They are the future, sitting in our classrooms, working in the labs and studios, online, face to face, they are the future and when we see them in this light, what we do has great meaning and worth. If higher education leaned a bit more in the direction of the future in its curricular and programmatic development, we might not worry about labels for our students, but see them for what we need and hope them to be—the caretakers and makers of their world.

Arts and Sciences – An Essential Link

Alexander Fleming (1888-1955) the biologist who discovered penicillin harbored an inner passion for the visual arts.  He was responsible for launching the age of antibiotics when he discovered a certain culture of mold actually could kill disease-causing bacteria.  But he just couldn’t shake his artistic impulse.  Fleming found time to develop an odd artistic practice of “painting” with bacteria.  His “germ art” has been publicly exhibited and chronicled in both scientific and historical journals over the years.  Dr. Fleming, though, kept his inner artist well in the shadows of his brilliant scientific career.


(Guardsmen painting by Alexander Fleming with pigment-producing bacteria in culture – source Smithsonian Magazine)

The worlds of science and art are often presented as well, and necessarily, separated.  Most who choose the path of hard science feel that they are not “creative.”  And the art students often steer a course well around science and math even though the University insists that the inhabitants of each arena visit the other now and then through general education requirements.

Scientists and artists are equally driven to discover that which is beyond their immediate or obvious understanding.  They share a reliance on imagination, whether to form a hypothesis or to devise a visual masterpiece.  Their work ethics are equally unrelenting.  And both share an understanding that the intuitive and the objective exist in dynamic harmony.

It makes sense that the arts and sciences are inextricably linked.  It makes even more sense that the connection should eventually grow to an always assumed collaboration.  Every course of study has its specialized requirements, but the adventures that scientists take in their embrace of art and the insight provided to artists who rely on the authenticity of known facts make their endeavors complete.  Though my career eventually grounded itself in literature and the arts, I harbored an inner scientist deep in my own personal shadows as a self-portrait drawn at age 10 demonstrates.


Clearly, visual arts were not going to be my thing either.  But I can’t help but think that the science in me makes my moving image arts and education pursuits all the more satisfying.

The Power of a Teacher

We all remember our favorite teachers, right?

I am still amazed at how easily my kindergarten teacher, Miss Meyers, could draw a detailed landscape with our over-sized crayons. My attempts to imitate were just embarrassing. Mrs. Fowler, second grade, wore all kinds of jangly jewelry so she could never sneak up on you, yet she knew our indiscretions before we made them.  And the third grade teacher, Mrs. McCabe took no mercy with those who couldn’t recite the multiplication tables—never have I forgotten.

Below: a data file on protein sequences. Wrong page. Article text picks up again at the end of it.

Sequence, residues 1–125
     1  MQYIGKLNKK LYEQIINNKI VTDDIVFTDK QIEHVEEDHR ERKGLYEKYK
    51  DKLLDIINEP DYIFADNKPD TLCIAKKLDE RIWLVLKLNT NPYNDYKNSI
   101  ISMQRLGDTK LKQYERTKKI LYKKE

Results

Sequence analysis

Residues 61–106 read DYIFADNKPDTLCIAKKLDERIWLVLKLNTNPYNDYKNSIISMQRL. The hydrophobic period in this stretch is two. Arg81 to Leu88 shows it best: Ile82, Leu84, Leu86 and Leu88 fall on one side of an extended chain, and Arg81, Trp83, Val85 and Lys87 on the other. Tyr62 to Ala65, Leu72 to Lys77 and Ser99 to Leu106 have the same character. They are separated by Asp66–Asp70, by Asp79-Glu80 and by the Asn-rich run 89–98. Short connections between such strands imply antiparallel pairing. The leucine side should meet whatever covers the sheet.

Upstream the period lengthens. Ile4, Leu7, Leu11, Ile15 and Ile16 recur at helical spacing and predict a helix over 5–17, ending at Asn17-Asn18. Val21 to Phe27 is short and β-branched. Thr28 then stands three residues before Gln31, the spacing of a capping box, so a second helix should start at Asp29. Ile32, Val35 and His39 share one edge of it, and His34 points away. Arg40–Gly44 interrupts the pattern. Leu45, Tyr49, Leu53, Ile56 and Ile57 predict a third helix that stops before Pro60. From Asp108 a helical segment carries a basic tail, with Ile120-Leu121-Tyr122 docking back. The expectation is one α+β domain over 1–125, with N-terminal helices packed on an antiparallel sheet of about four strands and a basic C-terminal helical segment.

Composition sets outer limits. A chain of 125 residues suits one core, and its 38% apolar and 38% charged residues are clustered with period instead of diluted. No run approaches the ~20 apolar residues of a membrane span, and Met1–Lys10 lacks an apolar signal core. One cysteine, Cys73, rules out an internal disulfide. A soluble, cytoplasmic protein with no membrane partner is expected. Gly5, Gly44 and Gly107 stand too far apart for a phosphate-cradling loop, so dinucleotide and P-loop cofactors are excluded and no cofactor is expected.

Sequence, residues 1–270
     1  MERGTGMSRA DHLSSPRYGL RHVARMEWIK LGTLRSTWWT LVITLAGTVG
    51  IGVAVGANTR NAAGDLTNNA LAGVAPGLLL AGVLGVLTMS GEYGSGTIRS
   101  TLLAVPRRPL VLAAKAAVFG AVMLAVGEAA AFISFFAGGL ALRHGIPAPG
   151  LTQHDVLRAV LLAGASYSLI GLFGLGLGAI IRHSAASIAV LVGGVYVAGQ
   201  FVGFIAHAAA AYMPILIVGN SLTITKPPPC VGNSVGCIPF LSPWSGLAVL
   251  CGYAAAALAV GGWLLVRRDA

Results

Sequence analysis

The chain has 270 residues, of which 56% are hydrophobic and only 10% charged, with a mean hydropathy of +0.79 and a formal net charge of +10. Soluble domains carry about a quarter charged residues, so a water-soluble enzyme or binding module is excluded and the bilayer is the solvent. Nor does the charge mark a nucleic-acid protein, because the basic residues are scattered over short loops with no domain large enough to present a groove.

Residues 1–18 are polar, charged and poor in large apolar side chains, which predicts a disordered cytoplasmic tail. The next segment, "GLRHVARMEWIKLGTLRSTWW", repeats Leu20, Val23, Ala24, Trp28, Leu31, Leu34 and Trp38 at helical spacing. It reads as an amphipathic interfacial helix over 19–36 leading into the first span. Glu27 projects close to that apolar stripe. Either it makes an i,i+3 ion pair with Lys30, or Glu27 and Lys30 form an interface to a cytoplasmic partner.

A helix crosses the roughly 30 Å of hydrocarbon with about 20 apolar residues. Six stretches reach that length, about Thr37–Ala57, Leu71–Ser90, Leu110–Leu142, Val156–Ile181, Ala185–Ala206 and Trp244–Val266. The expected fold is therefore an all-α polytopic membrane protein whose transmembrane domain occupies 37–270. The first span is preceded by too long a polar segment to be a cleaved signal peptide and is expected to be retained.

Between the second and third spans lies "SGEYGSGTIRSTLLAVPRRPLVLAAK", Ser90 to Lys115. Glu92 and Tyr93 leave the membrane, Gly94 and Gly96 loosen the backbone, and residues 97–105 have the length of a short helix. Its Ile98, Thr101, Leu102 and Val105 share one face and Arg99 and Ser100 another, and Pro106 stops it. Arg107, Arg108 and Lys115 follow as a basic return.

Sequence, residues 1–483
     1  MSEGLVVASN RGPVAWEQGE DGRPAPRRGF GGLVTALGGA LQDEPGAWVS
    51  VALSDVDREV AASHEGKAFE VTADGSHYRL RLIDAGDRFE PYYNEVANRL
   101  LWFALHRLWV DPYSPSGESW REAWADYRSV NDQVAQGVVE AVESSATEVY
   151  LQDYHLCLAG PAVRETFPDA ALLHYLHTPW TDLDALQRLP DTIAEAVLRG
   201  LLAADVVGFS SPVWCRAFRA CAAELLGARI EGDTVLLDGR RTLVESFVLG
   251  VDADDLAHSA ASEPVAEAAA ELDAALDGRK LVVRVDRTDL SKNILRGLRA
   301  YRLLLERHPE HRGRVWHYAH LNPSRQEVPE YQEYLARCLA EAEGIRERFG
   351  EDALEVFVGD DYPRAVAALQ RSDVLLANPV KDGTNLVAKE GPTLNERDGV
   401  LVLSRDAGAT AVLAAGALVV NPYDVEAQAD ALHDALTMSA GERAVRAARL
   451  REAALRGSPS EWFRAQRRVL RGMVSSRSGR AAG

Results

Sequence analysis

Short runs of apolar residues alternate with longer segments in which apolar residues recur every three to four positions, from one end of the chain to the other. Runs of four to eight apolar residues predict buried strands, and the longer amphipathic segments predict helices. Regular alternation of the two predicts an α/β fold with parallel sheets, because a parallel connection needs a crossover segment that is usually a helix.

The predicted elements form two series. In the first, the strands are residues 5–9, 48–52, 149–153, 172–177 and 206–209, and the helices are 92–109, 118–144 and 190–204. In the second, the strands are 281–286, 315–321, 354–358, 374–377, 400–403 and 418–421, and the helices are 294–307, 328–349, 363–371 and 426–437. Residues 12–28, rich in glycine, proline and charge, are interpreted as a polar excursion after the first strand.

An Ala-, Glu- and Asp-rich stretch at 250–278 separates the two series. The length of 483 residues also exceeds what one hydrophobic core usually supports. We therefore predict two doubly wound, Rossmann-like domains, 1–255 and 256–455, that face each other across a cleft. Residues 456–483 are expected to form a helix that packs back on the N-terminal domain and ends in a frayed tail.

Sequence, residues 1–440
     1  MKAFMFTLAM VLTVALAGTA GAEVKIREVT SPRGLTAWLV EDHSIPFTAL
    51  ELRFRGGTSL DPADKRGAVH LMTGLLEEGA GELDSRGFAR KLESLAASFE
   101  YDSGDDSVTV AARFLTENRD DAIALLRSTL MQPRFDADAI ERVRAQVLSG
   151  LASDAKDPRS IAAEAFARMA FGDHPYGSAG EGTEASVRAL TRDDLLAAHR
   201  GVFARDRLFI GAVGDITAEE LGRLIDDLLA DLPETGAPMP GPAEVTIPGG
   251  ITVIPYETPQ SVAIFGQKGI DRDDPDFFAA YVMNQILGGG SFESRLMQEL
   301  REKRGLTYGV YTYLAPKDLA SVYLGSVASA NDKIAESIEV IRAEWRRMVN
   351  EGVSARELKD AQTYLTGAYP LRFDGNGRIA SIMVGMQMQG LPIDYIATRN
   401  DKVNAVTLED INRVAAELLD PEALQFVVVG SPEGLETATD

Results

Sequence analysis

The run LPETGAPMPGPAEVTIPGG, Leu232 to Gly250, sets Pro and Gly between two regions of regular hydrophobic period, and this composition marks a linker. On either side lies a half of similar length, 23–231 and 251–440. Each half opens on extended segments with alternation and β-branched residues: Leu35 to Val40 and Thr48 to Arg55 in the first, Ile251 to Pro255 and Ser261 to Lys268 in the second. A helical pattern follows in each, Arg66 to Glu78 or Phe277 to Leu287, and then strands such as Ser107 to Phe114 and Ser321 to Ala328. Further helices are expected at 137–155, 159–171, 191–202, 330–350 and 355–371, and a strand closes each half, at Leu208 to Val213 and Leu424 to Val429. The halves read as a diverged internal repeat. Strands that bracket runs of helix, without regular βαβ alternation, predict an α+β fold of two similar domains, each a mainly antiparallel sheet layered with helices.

They all had their styles and each found a way to move us along in those basics of writing, reading and arithmetic.  Moving to the upper grades and the shifts between classrooms and teachers on an hourly basis, my memory begins to get much more selective.  And in the college years there are fewer standouts. But we all have one great teacher who made a critical difference—sometimes more than one—but one can be just enough.

World literature was the course—a general education elective that I had to finish up in order to graduate.  There was a new assistant professor teaching who found out that I had this thing for movies. Movies had been my parallel education system since I could sit still on grandma’s lap at the local movie theater.  Their stories were the insights in to the values, beliefs, nightmares and dreams that we all shared through and out of the Cold War, into the crazy 60’s and 70’s and beyond.

So, this teacher, when it came to reading Don Quixote called me out in class with a simple request, “Mr. Grogg, maybe you could make a little movie about Cervantes’ story.”  Not so simple—we didn’t have video-taking mobile phones or camcorders.  We were talking 8mm home movie gear, real film, editing with a razor blade.  But I jumped at it.  The result a 10 minute very abbreviated telling of a contemporary Don Quixote who refused to give up his dreams.  There was a screening, there was applause, there was a grade and the film went into a box as I moved out of the dorm the following week.

Twenty years later, I had made a motion picture, The Trip To Bountiful, that was nominated for two Academy Awards winning best actress for Geraldine Page.  That teacher-inspired taste of making a movie led to an unguessed career in motion pictures.  That teacher—Gary Luckert was his name—sparked something that I never had a clue was in me or in my future.

There really is nothing but opportunity in the teacher-student relationship.  And there is, likewise, real danger.  A great teacher can inspire a student to never expected heights.  A poor teacher can push a student out of the game and leave an indelible mark that can have life consequences.

Here’s to your best teacher!